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Did Bravo TV's 'Work of Art: The Next Great Artist' really redefine art criticism?

August 13, 2010 |  1:57 pm
Abdi etc.

"Work of Art: Abdi Farah" opens at the Brooklyn Museum Saturday, a modest exhibition that is among  the prizes awarded to Wednesday night's winner of the Bravo television reality-contest show "Work of Art: The Next Great Artist." Farah, 22, also gets a nice, fat check for $100,000.

I wish the young artist well. Currently I have no plan to be in Brooklyn during the show's run -- and that means noting something that, as a critic, I never thought I'd find myself saying: I won't be writing about Farah's figurative paintings, sculpture and drawings for the simple reason that I haven't seen them.

Criticism and discussions about it can be abstruse, but one aspect is really quite simple: Never pass judgment on the merits of art you haven't actually seen. I would no more review art from reproductions on a museum's website or in a magazine than I would from seeing it on a TV show. Be there or be square.

My surprise in finding myself stating what I've always thought obvious comes from reading an item posted Wednesday on New York magazine's website. New York's Vulture blog opines that "Work of Art: The Next Great Artist" created a new way to practice art criticism. In online forums and the comment sections of blogs and across Facebook pages, "people who would otherwise have no access to art-world opinion, criticism or power were given voice." 

Really? Art criticism is about having "access" to establishment art-world power?

Needless to say, virtually all the "Work of Art" Twitter feeds and comment threads on all the blogs were written by people who -- like me -- have not seen Abdi Farah's paintings, sculptures and drawings, except as mediated through a camera. Sure, you or I can make some observations by seeing art in reproduction, just like we've been able to do for eons with print publications. On TV, Farah's rough-hewn sculptural floor reliefs of athletes in action, for instance, seem to have an ancestry in wall-reliefs of neighborhood people John Ahearn made in collaboration with Rigoberto Torres, which first got notice in the 1980s, and castings of friends George Segal was making in the 1960s.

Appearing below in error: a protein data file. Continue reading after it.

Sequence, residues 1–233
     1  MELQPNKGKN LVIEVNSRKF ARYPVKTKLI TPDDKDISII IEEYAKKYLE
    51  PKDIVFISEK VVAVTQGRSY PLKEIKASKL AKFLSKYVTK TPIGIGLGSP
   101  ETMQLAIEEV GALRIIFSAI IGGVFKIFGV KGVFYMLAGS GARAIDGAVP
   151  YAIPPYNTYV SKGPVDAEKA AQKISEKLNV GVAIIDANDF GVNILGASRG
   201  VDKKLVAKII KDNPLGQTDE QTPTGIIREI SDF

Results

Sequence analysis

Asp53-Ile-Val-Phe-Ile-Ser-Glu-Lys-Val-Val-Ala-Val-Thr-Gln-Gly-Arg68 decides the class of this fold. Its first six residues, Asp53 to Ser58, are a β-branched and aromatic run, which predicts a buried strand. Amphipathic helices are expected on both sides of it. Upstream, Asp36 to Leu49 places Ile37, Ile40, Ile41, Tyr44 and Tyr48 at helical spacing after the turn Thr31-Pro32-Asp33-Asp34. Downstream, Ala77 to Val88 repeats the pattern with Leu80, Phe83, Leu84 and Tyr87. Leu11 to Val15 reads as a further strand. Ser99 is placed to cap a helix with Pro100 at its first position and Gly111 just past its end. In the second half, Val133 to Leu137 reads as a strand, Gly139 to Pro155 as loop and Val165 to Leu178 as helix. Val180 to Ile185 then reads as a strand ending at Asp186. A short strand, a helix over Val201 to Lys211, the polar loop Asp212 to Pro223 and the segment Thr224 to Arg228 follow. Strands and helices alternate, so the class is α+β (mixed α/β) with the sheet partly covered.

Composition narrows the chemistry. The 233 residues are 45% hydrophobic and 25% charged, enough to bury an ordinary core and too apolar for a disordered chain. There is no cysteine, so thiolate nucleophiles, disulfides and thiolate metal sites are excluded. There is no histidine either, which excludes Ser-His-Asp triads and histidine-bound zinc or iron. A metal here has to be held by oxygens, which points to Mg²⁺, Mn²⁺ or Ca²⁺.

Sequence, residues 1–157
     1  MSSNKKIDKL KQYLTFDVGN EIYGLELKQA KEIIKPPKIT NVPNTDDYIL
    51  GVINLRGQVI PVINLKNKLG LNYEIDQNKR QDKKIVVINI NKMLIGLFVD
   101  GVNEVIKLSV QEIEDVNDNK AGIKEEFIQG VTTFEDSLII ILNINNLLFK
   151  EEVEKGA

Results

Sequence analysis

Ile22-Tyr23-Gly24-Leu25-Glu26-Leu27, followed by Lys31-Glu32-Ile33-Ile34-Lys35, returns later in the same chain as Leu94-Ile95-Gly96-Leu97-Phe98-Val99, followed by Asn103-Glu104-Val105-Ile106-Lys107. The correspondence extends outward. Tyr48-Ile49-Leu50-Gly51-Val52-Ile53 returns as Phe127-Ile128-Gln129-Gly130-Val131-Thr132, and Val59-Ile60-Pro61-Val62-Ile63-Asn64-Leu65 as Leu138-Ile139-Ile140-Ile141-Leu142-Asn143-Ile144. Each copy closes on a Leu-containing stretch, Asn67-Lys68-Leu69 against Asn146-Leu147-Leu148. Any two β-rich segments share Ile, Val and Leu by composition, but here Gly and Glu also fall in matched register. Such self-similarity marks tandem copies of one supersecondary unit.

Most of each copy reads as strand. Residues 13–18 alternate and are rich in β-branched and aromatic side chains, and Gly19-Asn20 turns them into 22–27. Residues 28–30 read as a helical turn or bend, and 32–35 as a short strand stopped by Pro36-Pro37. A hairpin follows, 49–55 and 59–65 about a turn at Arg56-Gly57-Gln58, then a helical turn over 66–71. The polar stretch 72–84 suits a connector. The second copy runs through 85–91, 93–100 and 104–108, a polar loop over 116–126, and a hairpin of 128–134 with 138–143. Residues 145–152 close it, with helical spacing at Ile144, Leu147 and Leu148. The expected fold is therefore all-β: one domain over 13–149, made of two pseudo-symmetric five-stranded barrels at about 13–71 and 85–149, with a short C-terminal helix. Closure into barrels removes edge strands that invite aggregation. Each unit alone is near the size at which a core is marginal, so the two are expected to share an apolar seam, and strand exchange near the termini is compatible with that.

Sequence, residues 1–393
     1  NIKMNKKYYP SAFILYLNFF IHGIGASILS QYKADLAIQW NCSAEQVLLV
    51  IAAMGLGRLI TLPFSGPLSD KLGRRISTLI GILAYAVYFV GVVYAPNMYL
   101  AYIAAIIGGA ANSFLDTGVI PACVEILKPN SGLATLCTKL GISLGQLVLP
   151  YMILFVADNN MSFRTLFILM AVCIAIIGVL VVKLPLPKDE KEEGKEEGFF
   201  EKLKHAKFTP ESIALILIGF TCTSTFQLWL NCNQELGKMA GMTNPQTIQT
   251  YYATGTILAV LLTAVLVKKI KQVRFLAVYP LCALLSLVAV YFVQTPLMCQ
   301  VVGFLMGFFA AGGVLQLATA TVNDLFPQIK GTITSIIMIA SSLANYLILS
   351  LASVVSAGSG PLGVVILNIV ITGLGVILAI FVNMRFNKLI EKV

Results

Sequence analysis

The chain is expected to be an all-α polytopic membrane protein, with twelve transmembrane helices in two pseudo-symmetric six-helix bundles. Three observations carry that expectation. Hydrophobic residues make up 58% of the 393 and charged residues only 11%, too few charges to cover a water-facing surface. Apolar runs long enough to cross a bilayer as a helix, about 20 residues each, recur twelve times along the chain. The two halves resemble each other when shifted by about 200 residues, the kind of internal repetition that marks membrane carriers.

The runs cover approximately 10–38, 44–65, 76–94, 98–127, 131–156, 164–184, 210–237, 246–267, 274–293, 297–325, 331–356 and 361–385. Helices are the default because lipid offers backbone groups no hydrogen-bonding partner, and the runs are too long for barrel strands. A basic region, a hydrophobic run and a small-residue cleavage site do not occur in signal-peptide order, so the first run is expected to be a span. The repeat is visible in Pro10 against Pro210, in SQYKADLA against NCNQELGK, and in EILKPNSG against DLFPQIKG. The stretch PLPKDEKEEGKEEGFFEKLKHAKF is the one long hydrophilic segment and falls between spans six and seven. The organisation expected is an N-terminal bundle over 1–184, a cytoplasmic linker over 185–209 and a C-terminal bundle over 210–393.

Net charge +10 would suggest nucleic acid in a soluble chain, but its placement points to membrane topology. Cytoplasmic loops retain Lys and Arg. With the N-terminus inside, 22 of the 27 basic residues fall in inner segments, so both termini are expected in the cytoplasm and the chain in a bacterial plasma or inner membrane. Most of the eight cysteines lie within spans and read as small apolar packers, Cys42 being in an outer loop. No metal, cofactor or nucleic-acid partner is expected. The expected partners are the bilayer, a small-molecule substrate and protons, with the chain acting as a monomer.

Not having seen the sculptures, though, I can't say much more than that. Maybe there's no relation at all between Farah's art and that of Ahearn, Torres or Segal. Art criticism tends to be pretty low-grade without real access to the art.

In fact, for criticism that's the only access that really matters. The art is where the authentic power does or does not lie. Viewers of Bravo's TV show haven't had that chance, although those who do go to the Brooklyn Museum to see Farah's work can then expound.

But rejoicing over digital access to establishment power -- whose analog counterpart is letters banged out on a typewriter or handwritten in ink on paper -- is not extolling a new way to practice art criticism. It's cheering an old way to engage with an art critic, by using a platform that hasn't existed before. The twist is that the digital ether lets anyone with an Internet connection in on the correspondence written by everyone else.

To confuse social networking, which can be fun (and certainly useful), with art criticism is quite a blunder. It's probably to be expected, however; Bravo's savvy integration of cable television reality-contests with the Internet hasn't happened before for art, artists and art enthusiasts. The new often disorients.

But make no mistake: Bravo, an American cable television channel owned by NBC Universal, is the corporate chicken that laid this audience-participation art egg. "Work of Art: The Next Great Artist"  is a game show, finally not much different than "The Price Is Right," "Wheel of Fortune" and "Deal or No Deal." If you enjoyed the TV show, fine; if you didn't, that's fine too. Yet all the tweets, blog posts and comment threads now floating though the limitless Internet universe have been granted no access whatsoever to the real establishment power.

Applauding the illusion doesn't make it true, as artists Richard Serra and Carlota Fay Schoolman so memorably showed us almost 40 years ago in their classic videotape, "Television Delivers People." Like all important art it's worth seeing again; thanks to the Internet, anyone with a connection can -- and in person:

-- Christopher Knight

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Photo: Miles Mendenhall, Abdi Farah and Peregrine Honig. Credit: Bravo

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